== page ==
Microbiome Management: Natural Sources of Probiotics



It’s hard to pick up a medical journal or news article these days without reading something about the gut microbiome. Thanks to the NIH Human Microbiome Project established in 2008, health professionals and the general public have learned much about the link between the condition of our gut microbiome and the state of our health.

It’s an exciting time because it lets us know that there is a lot we can do to take charge of our health. Unfortunately, what we’ve also learned is that Western cultures and lifestyle habits cause a lot of imbalance to the gut microbiome thereby threatening our health and wellbeing.

Symbiosis versus Dysbiosis

The gut contains good and bad bacteria that live commensally. Both good and bad bacteria play key roles in our health and are intended to live in balance and harmony. A good balance of the gut bacteria is called “Symbiosis”. An imbalance of gut bacteria is dys-symbiosis or “Dysbiosis”.

According to Neurologist David Perlmutter, MD, untreated dysbiosis can lead to gut permeability (damage to the lining of the intestines) and inflammation which puts us at risk for many health conditions like heart disease, autoimmune conditions, brain disorders and even cancers.



Natural Probiotics

Probiotics are a new frontier and the climate for best practices with probiotics keeps changing.  The increase in knowledge about the gut and microbiome health has led to a boom in the sales of probiotic supplements.  On the one hand, this is good news because it indicates that health care providers and the public are heeding the advice to increase and support good bacteria in the gut.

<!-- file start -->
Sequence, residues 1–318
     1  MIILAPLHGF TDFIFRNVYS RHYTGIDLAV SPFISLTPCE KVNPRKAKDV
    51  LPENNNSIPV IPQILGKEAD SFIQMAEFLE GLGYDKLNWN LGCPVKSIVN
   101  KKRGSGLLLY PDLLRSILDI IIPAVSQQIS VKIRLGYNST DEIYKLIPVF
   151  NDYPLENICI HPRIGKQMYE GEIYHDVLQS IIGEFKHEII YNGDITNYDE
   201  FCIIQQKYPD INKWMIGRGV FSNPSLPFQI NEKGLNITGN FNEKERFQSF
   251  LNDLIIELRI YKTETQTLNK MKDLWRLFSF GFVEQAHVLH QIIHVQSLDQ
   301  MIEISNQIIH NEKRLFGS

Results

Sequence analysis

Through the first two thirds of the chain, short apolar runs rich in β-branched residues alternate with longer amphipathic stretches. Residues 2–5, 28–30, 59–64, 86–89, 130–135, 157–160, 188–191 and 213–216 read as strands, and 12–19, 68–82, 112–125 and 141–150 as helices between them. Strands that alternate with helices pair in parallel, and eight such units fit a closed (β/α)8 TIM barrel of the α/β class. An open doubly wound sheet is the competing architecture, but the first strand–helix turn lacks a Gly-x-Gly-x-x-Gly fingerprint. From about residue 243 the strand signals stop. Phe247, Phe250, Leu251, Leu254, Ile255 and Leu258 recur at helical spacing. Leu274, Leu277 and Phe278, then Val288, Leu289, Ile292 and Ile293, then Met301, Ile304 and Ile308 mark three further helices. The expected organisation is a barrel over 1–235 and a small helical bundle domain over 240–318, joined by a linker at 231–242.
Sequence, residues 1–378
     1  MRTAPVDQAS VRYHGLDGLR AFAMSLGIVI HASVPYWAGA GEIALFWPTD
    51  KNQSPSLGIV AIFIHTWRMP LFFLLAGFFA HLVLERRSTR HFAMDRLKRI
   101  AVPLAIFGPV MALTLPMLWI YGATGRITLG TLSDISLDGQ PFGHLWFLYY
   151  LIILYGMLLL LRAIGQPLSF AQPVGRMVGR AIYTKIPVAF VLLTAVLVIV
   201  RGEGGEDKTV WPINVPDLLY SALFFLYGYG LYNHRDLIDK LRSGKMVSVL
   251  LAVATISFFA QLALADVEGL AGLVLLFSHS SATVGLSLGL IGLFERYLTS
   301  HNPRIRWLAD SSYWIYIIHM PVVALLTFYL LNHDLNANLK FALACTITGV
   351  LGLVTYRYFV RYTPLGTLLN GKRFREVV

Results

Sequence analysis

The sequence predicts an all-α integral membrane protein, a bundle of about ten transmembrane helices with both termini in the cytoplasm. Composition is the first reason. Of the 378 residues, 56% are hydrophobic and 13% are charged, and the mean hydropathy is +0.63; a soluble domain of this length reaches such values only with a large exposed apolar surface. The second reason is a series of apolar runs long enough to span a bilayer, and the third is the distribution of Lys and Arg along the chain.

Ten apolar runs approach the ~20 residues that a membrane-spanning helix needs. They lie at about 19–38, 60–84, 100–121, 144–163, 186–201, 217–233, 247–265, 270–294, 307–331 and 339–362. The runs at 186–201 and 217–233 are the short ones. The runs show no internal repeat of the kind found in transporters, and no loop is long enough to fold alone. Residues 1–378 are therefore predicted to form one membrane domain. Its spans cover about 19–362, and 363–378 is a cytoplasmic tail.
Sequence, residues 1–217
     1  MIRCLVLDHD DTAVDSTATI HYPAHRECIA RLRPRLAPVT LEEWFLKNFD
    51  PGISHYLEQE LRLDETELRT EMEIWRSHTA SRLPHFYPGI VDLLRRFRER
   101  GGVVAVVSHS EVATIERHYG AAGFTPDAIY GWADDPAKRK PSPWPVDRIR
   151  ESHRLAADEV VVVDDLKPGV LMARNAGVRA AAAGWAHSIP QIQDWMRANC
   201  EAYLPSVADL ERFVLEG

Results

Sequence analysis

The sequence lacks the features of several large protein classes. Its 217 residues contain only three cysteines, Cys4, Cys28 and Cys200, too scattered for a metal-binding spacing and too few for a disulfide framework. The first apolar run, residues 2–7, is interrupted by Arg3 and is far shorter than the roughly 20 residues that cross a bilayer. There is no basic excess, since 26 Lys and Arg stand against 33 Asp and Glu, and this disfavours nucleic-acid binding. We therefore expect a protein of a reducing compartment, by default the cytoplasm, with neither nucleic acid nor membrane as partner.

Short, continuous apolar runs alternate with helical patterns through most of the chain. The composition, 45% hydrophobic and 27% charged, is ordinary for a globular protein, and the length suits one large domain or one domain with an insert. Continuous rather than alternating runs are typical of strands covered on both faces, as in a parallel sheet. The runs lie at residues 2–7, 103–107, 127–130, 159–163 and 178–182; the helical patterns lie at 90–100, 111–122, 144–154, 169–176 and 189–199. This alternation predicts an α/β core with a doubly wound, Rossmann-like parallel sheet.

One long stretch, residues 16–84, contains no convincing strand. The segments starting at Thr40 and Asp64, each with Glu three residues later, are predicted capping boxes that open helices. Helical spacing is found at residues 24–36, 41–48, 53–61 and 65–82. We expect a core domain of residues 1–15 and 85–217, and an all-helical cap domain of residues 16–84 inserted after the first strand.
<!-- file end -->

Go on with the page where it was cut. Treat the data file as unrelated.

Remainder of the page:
On the other hand, taking probiotic supplements is only helpful to a point because according to some experts we are creating a “micro-monocropping” situation.  With oral probiotic supplements, we consistently take 1 – 10 probiotic strains daily but we are not replacing tens of thousands of other strains of bacteria that reside in the gut.  According to integrative medicine practitioner, Zach Bush, MD, this is “doing on a microscopic level what crop monoculture is doing in agriculture: favoring a relatively small number of species at the expense of ecosystem diversity.“

Taking #probiotic supplements is only helpful to a point. #saslife Click To Tweet

In addition, Johns Hopkins gastroenterologist, Gerard Mullin, MD, states recent research has shown that within 3 weeks of stopping an oral probiotic, the benefit gained from it disappears.  Probiotic supplements do not take root in the gut.  They simply populate the gut in real time.

#Probiotic supplements don't take root in the gut. They simply populate the gut in real time. Click To Tweet

Start Eating Diversity Every Day

So, as the probiotic frontier continues to evolve, gut health experts are recommending, in addition to taking oral probiotic supplements, we add natural probiotics, or “fermented foods,” to our diets every day.  According to Dr. Perlmutter and others, fermented foods are “naturally full of gut healing, inflammation reducing, immune balancing bacteria.”   The best way to keep your gut populated with an abundance of healthy bacteria is to eat fermented foods daily.

Gut health experts recommend adding natural probiotics, or fermented foods, to our diets daily. Click To Tweet

Fermented foods can be bought at your local health food store or made in your own kitchen.


It is common to see Kombucha (a fermented tea) on the lists of recommended fermented foods, however, since it can be high in sugar and caffeine, it’s addictive nature causes many gut health experts to omit it from their recommended lists.

It is important to note that probiotic bacteria is destroyed by heat so to get the probiotic benefits from fermented foods you should eat them cold.

Prebiotic_Foods_TableA Word about Prebiotics

The term Probiotic is a household word these days but another important term is not quite as mainstream – “Prebiotic.”  Prebiotics are food for the good bacteria or probiotics in our gut.  To help insure that the good gut bacteria are nurtured and fed, we need to eat prebiotics foods daily as well.

Important Note for IBS sufferers:

Some probiotic and prebiotic foods can cause gas and bloating if your gut is imbalanced.  It is important to work with a Registered Dietitian Nutritionist (RDN) who specializes in gut health to slowly rebuild your microbiome which may eventually help decrease your IBS symptoms.

Fermented Vegetables
Adapted from: Kinetic Culture